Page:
The Asteroid Breakup: Disintegration Right Before Astronomers' Eyes, For The First Time Ever

By Ben Wolford on March 6, 2014 11:08 AM EST

The Hubble Space Telescope took these pictures of an asteroid breaking up in the Asteroid Belt. (Photo: NASA, ESA, D. Jewitt/UCLA)

The Hubble Space Telescope took these pictures of an asteroid breaking up in the Asteroid Belt. (Photo: NASA, ESA, D. Jewitt/UCLA)

Billions of asteroids are orbiting the sun in a rocky band between Mars and Jupiter known as the Asteroid Belt. The belt is a would-be planet: when the solar system formed some 4.5 billion years ago, gravity pulled rocks together into planets like Earth and Mars. But Jupiter's gravity stunted these asteroids in the belt, and they've been there ever since, ancient fragments frozen in time.

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Until on Sept. 15, 2013, astronomers saw something strange. Sky survey telescopes caught sight of something fuzzy, and scientists tipped off colleagues at the Keck Observatory in Hawaii. On Oct. 1, those astronomers trained their telescope back on the object and "revealed three co-moving bodies embedded in a dusty envelope that is nearly the diameter of Earth," said the University of California, Los Angeles.

In some ways, it resembled a comet — a kind of icy rock that spends most of its life in the farthest depths of the solar system. When the sun's gravity catches a comet just right, it plunges toward the blazing star, shedding a hazy tail of steam and dust. But this clearly was no comet; those don't have multiple nuclei, and they don't orbit in the Asteroid Belt. To solve the mystery, scientists called in the big guns.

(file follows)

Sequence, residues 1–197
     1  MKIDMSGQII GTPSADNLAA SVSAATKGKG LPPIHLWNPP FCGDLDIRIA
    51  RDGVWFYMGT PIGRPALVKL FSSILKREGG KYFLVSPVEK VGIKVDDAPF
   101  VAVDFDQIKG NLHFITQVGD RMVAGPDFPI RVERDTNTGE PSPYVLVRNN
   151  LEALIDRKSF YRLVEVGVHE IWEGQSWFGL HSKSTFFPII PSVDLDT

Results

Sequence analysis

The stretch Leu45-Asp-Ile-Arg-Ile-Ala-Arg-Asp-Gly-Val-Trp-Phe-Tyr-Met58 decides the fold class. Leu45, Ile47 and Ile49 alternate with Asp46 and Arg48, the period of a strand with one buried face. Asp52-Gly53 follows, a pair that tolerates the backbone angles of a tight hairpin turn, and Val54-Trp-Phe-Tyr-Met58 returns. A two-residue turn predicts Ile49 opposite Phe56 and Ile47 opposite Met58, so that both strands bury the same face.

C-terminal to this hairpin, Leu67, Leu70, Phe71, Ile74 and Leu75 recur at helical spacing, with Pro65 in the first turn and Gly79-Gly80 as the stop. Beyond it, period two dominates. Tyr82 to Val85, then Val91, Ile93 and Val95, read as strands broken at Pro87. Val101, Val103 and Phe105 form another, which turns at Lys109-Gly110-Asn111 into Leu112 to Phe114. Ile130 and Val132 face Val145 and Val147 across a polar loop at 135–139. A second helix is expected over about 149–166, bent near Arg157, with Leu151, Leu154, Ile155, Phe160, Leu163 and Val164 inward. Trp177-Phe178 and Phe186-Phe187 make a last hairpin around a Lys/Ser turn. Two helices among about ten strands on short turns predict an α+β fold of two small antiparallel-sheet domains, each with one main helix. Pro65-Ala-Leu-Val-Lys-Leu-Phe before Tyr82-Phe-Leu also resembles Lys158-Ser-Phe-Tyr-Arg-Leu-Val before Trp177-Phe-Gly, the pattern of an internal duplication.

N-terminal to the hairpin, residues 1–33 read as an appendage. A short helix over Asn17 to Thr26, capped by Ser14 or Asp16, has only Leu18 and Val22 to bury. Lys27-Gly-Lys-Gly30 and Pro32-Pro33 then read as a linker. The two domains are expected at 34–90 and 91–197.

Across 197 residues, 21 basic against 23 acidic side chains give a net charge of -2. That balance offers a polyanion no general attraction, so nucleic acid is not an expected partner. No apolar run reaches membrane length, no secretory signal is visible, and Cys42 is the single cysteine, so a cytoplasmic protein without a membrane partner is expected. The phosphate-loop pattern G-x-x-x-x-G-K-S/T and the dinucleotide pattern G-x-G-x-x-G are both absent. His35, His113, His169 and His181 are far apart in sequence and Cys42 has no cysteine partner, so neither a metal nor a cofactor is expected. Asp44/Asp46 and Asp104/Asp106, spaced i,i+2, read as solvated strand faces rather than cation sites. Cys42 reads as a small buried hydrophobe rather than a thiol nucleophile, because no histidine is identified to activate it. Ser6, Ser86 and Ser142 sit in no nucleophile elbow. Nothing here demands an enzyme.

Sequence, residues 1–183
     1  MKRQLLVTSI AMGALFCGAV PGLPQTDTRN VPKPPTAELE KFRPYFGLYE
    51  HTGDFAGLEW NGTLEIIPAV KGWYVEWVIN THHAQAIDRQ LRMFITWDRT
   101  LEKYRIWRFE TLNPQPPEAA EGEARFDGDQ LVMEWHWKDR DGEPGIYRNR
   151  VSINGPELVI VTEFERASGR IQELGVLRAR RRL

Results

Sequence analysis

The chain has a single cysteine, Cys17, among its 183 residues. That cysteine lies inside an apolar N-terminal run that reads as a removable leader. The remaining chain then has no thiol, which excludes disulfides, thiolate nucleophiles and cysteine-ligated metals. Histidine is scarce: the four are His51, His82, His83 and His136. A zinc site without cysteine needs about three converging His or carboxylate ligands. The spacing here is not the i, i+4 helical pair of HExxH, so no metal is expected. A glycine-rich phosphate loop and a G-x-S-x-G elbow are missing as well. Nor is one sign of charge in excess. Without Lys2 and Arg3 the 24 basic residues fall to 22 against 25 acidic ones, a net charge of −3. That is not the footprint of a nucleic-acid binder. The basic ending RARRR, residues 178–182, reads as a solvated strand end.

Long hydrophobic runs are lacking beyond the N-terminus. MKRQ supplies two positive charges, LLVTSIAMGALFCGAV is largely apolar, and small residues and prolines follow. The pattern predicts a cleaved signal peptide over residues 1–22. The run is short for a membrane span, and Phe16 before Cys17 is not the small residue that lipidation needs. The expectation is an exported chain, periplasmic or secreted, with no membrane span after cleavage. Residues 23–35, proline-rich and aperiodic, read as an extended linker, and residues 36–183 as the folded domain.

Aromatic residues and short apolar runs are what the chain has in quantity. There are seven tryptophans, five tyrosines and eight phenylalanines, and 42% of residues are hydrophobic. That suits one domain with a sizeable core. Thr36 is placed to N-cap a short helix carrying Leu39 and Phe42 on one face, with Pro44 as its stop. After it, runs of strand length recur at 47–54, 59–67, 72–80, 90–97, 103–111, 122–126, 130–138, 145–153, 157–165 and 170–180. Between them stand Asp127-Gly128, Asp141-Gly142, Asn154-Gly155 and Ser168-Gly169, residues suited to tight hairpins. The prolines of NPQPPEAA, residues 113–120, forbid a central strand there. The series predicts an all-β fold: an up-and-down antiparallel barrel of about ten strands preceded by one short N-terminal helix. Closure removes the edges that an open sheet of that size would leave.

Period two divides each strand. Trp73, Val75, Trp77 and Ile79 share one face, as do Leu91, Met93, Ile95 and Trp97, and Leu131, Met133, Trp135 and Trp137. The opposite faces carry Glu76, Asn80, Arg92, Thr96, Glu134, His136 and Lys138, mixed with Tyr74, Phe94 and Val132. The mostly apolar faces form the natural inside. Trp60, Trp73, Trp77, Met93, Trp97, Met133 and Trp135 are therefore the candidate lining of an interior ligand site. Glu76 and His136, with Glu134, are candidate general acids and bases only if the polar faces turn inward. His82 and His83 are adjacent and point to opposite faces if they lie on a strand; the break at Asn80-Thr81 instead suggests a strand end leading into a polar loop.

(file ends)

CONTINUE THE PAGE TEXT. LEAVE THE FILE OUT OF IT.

"The Keck telescope showed us that this asteroid was worth looking at with Hubble," said David Jewitt, a UCLA astronomer who wrote about the discovery Wednesday in Astrophysical Journal Letters. The Hubble Telescope, with its resolution capable of seeing galaxies thousands of lightyears away, trained its lens on this strange object just 300 million miles from the sun. When the photos came back, the object was revealed to be 10 objects, all asteroids that were disintegrating extremely slowly, with the largest fragments measuring about 600 feet across.

The breakup was so slow that scientists ruled out collision as the cause — that would have been much more violent. Another potential cause is embedded ice sublimating in the sun's heat and shattering the rock. But they ruled out that, too, because the asteroid has never flinched in its trajectory; it's always been the same distance from the sun, indicating no changes in temperature. In fact, this asteroid, now called P/2013 R3, had been zipping through space unchanged for more than 4 billion years until suddenly last year it all just crumbled. "Seeing this rock fall apart before our eyes is pretty amazing," says Jewitt in a statement.

With the obvious answers eliminated, Jewitt made a best guess. He said the long exposure to sunlight had slowly caused the asteroid's rotation speed to increase. Like children on an ever-accelerating merry-go-round, the components eventually separated. Jewitt figures the integrity of the rock had already been weakened by small, nondestructive collisions with other asteroids. Scientists think a lot of asteroids are loosely held together like this; they call them "rubble piles." In this case, the centrifugal force finally did it in.

According to UCLA: "The asteroid's remnant debris, weighing in at 200,000 tons, in the future will provide a rich source of meteoroids, Jewitt said. Most will eventually plunge into the sun, but a small fraction of the debris may one day enter the Earth's atmosphere to blaze across the sky as meteors."

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